It’s that time again – time for the first Parent Teacher Conferences of the year! Yay! These meetings can be stressful for everyone involved. Students can be nervous about what teachers might tell their parents. Parents can be nervous about what they are going to hear. And, teachers can be nervous about what they need to say or how it is going to be received.
As a parent, if you go in with a list of questions that you would like answered, you are more likely to leave your conference with a clear picture and plan of how to continue moving forward for the rest of the year.
Here are some questions that I like to ask that don’t have a lot to do with basic academics:
- What would you like to know about my child? The teacher may have only known your child for a few weeks. Let the teacher know what makes your child different – motivators, behaviors, strengths and weaknesses. If teachers know their students, they have more tools in their toolbox to help the student succeed. Let the teacher know if you have had any changes at home recently, since life changes affect children, too.
- Is my child currently meeting your classroom expectations regarding behavior? Be prepared to hear a range of answers. We all have perfect angels, but sometimes, they make their own choices. Also, take a picture of your child, just in case. I heard some super surprising information at my youngest’s Kinder conference and asked the teacher to verify we were discussing the correct child. (For the record, she knew who he was, his quiet and compliant behavior was just shocking to me.) Also, let the teacher know if there are other students in the class that will bring out different behaviors in your child. (For instance, if Nick sits at a table with all girls, he will flirt with them all day long which could be distracting.)
- Is my child fitting in with the class socially? Sometimes we, as parents, forget that student success is not always determined by their learning ability. If your child is caught up in third grade girl drama, their schoolwork will be impacted. Kids don’t always tell their parents they are being bullied. And, rarely do kids tell their parents they are a bully. Make sure you have a clear picture of how their school days are going so you can guide them in the right direction.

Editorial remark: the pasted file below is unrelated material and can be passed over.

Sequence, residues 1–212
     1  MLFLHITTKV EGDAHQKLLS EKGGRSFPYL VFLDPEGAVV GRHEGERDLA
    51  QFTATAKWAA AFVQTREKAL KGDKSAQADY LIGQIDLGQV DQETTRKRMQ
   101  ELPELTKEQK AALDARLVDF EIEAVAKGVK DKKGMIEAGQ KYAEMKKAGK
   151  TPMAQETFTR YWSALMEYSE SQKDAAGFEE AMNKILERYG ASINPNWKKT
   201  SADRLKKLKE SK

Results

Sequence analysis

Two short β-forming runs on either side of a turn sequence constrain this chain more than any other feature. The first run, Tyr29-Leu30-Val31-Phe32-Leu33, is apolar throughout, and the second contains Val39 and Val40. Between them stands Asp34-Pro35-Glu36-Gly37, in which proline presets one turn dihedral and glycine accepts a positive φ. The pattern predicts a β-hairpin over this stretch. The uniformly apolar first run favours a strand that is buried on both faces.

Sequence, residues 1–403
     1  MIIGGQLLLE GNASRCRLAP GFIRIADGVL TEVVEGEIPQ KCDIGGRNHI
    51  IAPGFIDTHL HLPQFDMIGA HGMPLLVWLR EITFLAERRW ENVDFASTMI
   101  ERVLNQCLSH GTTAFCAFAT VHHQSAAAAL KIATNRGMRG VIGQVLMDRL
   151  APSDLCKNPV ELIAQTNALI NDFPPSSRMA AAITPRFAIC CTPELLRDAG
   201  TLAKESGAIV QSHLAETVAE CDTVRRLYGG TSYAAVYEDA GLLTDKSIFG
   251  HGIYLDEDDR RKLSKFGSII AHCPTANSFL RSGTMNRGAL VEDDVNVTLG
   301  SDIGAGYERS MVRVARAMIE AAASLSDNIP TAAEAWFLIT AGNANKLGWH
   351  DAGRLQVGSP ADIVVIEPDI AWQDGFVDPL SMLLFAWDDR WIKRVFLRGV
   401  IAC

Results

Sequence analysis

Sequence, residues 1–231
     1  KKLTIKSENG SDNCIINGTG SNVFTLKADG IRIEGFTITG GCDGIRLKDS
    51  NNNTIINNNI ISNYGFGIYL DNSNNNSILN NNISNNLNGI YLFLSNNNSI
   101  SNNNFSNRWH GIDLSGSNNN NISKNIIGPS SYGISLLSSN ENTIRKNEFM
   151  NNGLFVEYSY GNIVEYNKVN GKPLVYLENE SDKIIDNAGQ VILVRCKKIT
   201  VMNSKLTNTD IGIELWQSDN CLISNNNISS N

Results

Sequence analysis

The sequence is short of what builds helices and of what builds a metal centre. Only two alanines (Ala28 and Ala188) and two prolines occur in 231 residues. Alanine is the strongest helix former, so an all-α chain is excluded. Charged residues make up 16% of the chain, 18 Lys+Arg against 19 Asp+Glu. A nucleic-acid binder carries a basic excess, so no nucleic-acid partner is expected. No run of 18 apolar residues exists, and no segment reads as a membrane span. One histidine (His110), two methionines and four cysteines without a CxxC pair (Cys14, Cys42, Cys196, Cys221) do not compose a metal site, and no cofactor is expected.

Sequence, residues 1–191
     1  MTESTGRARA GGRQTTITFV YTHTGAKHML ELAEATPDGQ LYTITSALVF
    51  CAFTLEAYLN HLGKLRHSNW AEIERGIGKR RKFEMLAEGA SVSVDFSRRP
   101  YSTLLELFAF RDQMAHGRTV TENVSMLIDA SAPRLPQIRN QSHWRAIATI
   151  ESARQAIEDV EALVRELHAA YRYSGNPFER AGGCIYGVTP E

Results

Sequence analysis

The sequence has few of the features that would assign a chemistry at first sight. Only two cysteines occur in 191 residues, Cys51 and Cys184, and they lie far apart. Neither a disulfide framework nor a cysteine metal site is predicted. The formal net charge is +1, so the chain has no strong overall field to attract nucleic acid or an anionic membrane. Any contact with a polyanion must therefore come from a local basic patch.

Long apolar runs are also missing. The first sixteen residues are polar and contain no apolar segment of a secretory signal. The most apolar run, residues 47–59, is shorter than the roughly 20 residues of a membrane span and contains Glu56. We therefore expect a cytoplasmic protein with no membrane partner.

- My child spends (fill in the blank) seconds/minutes/hours/days/months on homework. What was your expectation of the time it should take them to complete their homework? If you child is not doing homework, you might find out that they are receiving homework. If their homework is literally taking years off your life, the teacher might not be aware of that and might want to revamp their plans. This is a time that y’all can work together to find a compromise.
- How many projects are you planning on doing this year and will there be any special supplies needed? Look, if you are going to need lots of poster paper, it’s nice to know early so you can go ahead and buy stock in it as well.
- Are there any websites or applications can my child use in their spare time to help support your lessons? Let’s be real – kids use technology. Rather than spend their time running mazes or crushing candy, have them download apps or visit websites that will reinforce classroom skills.
- My preferred mode of communication is text/email/phone call/Batsignal. What is the best way for me to contact you and when is the best time to contact you? If your teacher’s conference period is during a time when you are unavailable, let them know. You don’t want a miscommunication to cause problems.
- What can I do that will help you help my child be as successful as possible? Parent-Teacher partnerships are powerful. Talk with your teacher and find out what they need. Do they need someone to cut out lamination? Do they need someone to sharpen pencils? Do they need a Diet Coke? Y’all are a team – sometimes team members need help and encouragement.
After meeting with your new teammate, shoot them a quick email or note recapping the meeting from your perspective and thanking them for the fellowship. And, of course, talk to your child about your discussion. Let them know what was discussed and the game plan for the rest of the year. Once your student realizes everyone is on the same team, your student will feel more comfortable at school and will be more successful!